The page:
Sleep and Metabolic Syndrome
Pp. 66-69 (4)
Alexander Babayeuski and Octavian C. Ioachimescu
In our fast-paced world, sleep frequently becomes a casualty of the “24/7 model” of the society. Obesity, diabetes and heart disease epidemics seem to go hand in hand with significant and persistent alterations in human metabolism.
Clinical studies have shown that people who sleep less than 6 hours or more than 8 hours a day are often overweight or obese. Obesity has become, at least in the western society, a very common condition. There is a strong connection between sleep apnea and obesity, diabetes and heart disease. In fact, we now know that individuals with untreated sleep apnea are at a greater risk of heart attacks, strokes, development of diabetes and/or hypertension.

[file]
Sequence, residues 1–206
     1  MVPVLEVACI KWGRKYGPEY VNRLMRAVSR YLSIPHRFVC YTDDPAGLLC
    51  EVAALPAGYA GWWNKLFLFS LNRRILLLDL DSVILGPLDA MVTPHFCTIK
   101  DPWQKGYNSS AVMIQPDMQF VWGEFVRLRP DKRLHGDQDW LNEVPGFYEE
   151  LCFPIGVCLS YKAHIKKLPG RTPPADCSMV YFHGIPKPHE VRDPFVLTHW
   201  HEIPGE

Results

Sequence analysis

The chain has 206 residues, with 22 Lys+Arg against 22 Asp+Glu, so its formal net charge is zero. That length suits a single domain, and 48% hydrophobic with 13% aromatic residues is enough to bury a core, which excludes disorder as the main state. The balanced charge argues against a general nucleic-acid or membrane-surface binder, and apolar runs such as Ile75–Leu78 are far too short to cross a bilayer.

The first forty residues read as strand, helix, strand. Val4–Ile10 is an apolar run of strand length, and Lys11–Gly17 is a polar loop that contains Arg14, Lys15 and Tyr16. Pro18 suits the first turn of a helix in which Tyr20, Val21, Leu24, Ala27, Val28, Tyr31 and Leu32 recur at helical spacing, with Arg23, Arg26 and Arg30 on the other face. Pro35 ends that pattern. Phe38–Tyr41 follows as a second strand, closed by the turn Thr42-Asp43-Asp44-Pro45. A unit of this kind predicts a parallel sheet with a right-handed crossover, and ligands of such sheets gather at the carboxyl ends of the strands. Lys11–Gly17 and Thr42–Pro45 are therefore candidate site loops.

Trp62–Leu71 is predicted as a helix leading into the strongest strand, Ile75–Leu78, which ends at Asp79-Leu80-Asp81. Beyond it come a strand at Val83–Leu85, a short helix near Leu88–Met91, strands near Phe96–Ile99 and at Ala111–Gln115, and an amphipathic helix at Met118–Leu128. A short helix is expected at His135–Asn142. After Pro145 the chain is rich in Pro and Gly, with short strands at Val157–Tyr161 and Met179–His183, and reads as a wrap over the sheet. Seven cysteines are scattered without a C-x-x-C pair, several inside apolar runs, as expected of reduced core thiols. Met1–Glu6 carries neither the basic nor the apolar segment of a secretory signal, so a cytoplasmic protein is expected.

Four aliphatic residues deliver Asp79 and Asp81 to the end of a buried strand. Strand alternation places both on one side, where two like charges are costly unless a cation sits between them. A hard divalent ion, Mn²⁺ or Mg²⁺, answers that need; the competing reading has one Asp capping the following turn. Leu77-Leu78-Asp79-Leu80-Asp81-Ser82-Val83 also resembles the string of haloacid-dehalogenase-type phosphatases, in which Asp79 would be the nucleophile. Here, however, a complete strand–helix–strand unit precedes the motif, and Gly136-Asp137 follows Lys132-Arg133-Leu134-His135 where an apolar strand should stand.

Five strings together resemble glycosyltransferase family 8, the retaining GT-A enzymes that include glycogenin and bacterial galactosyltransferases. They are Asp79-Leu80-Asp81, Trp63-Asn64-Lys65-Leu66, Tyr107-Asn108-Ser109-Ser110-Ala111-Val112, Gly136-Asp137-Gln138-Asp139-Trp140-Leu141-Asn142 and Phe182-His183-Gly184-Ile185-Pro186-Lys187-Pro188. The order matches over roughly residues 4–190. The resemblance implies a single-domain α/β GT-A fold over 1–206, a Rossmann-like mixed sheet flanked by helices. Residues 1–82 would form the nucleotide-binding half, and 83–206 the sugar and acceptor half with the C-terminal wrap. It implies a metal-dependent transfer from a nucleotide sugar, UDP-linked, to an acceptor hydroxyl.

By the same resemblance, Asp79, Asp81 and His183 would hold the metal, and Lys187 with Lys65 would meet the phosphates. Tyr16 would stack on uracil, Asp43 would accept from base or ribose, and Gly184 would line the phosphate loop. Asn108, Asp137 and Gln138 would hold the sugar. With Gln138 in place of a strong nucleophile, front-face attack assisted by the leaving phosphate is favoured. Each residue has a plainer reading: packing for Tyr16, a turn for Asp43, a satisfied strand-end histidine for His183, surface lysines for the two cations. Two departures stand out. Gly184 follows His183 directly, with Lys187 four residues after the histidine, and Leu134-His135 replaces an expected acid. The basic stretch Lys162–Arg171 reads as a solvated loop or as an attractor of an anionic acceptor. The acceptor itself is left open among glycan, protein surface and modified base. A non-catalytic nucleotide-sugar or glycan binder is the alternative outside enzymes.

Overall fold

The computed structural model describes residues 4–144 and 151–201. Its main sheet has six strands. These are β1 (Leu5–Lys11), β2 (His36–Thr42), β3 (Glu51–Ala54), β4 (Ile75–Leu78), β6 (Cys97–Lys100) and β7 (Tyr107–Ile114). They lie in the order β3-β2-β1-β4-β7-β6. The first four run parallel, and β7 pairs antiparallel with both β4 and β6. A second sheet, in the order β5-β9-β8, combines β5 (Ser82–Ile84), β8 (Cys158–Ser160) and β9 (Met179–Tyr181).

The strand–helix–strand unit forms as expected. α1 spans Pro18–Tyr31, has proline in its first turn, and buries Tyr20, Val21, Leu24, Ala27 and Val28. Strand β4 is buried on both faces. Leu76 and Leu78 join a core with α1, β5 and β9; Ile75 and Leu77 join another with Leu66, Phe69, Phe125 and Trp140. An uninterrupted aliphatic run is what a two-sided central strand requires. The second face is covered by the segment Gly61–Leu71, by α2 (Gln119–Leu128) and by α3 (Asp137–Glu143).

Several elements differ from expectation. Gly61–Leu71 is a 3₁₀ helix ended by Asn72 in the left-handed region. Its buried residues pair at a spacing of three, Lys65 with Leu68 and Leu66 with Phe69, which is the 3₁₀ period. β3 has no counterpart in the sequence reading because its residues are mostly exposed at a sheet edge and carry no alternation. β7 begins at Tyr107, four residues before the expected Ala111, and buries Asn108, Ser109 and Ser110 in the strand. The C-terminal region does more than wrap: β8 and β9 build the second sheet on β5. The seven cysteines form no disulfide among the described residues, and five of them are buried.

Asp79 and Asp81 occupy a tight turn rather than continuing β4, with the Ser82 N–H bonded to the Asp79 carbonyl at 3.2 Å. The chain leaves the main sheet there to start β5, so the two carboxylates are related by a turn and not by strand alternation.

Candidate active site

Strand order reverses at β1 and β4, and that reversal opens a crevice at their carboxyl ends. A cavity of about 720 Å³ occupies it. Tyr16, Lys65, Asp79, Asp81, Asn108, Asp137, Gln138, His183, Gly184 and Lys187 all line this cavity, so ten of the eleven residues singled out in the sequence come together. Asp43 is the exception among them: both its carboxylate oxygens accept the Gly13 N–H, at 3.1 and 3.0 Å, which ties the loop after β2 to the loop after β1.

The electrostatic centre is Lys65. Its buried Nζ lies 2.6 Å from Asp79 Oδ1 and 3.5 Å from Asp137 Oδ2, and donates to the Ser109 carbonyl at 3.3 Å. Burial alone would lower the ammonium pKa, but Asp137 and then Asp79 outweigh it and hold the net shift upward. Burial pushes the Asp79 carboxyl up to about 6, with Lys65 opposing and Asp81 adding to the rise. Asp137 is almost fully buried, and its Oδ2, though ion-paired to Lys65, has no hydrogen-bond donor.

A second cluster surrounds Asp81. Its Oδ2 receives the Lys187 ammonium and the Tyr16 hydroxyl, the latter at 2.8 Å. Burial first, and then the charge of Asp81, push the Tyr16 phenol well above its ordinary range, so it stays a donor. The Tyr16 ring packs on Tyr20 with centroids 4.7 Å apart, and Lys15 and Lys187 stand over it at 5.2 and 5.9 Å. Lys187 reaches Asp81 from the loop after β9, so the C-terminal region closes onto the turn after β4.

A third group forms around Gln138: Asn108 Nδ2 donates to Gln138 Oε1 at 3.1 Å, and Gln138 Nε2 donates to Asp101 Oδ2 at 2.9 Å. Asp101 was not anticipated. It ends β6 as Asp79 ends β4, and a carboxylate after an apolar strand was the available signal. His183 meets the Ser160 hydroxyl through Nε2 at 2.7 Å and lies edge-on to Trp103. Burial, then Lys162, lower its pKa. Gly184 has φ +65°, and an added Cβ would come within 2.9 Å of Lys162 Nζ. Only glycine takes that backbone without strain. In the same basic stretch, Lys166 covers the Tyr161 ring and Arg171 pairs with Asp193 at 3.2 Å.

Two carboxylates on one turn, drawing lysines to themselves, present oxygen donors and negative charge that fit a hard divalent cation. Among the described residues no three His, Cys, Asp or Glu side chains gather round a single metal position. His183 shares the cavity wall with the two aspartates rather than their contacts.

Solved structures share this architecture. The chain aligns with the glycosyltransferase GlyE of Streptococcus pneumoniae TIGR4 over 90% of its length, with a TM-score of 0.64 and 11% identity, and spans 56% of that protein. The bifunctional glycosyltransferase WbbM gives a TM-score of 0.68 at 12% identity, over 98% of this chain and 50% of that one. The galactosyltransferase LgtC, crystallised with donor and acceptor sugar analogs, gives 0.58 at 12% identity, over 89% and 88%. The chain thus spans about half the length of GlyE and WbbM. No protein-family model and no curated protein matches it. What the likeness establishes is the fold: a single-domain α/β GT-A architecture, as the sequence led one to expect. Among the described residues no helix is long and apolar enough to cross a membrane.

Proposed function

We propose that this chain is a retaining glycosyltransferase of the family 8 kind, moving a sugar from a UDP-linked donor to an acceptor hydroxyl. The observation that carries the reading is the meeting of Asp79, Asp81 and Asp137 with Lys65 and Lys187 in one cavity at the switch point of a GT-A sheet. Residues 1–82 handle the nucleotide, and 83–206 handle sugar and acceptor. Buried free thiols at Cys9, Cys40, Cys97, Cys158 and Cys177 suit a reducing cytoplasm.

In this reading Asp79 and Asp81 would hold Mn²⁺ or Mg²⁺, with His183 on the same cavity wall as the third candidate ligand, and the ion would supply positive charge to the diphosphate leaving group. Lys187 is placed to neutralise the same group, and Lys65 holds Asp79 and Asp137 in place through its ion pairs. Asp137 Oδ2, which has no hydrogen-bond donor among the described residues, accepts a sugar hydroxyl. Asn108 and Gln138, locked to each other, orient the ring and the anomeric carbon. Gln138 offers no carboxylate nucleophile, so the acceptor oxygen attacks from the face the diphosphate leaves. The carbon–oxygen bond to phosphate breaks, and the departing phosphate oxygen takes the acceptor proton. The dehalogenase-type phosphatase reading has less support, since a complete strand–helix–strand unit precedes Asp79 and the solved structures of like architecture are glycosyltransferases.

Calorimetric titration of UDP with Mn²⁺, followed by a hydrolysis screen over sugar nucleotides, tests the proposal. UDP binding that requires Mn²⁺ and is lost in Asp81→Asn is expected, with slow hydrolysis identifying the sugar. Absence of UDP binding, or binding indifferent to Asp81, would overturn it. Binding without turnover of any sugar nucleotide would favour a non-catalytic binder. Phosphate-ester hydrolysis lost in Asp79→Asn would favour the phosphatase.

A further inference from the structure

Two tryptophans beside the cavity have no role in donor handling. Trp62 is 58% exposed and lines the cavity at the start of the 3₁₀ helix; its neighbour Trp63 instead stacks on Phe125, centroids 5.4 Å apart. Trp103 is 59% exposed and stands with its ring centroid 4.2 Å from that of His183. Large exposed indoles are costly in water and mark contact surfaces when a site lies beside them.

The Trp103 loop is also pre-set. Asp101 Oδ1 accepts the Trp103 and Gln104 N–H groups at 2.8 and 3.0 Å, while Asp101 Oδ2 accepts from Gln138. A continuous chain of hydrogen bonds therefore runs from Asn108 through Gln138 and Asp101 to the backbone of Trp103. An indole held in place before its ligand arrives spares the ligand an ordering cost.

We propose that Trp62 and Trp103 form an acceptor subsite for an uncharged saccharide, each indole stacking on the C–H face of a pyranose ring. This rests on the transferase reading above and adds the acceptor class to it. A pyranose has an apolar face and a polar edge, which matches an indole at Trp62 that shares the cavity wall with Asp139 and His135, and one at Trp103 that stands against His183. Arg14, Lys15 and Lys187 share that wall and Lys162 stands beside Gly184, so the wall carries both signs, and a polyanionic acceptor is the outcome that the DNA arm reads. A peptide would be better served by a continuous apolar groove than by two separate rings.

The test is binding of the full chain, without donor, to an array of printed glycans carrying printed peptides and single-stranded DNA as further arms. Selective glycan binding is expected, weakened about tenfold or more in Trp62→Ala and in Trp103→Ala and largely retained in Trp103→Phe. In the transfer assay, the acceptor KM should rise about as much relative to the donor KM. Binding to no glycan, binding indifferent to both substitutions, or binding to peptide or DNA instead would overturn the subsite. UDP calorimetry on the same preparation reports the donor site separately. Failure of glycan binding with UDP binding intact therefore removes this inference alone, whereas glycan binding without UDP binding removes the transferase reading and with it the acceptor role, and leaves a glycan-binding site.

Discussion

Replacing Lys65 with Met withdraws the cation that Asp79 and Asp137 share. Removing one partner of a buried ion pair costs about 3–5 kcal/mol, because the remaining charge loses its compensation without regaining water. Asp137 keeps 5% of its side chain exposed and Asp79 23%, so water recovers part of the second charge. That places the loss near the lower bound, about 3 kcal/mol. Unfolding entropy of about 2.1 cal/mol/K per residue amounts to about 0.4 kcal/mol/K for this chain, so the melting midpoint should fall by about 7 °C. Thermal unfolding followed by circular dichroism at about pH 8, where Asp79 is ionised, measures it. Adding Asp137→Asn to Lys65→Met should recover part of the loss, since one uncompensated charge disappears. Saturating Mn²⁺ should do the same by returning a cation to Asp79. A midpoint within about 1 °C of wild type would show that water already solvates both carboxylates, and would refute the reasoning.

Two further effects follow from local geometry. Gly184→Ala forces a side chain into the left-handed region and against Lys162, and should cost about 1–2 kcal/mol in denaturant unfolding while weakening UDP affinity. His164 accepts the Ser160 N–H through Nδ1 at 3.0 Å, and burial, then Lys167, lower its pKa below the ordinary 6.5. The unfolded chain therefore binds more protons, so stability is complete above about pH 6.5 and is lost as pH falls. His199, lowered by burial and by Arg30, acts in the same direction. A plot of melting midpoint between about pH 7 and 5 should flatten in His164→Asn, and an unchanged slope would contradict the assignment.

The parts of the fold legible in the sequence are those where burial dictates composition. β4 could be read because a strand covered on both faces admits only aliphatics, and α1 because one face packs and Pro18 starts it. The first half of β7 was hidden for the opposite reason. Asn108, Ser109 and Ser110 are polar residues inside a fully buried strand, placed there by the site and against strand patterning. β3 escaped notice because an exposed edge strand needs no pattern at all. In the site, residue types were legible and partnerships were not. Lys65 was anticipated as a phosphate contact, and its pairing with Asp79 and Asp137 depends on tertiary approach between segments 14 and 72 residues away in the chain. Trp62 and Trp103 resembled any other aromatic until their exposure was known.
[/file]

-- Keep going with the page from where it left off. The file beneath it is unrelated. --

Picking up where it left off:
Metabolic syndrome (MetS) is defined very differently in the literature, but seems to be defined most of the time by a constellation of findings such as central (abdominal) obesity, diabetes, impaired glucose tolerance or pre-diabetes, abnormally elevated lipids and/or other metabolic abnormalities which accompany what is called insulin resistance (IR). Given the obesity high frequency in the general population, the prevalence of MetS is, undoubtedly, on the rise.
Atlanta Medical Center 303 Parkway Dr NE, Atlanta, GA30312, USA.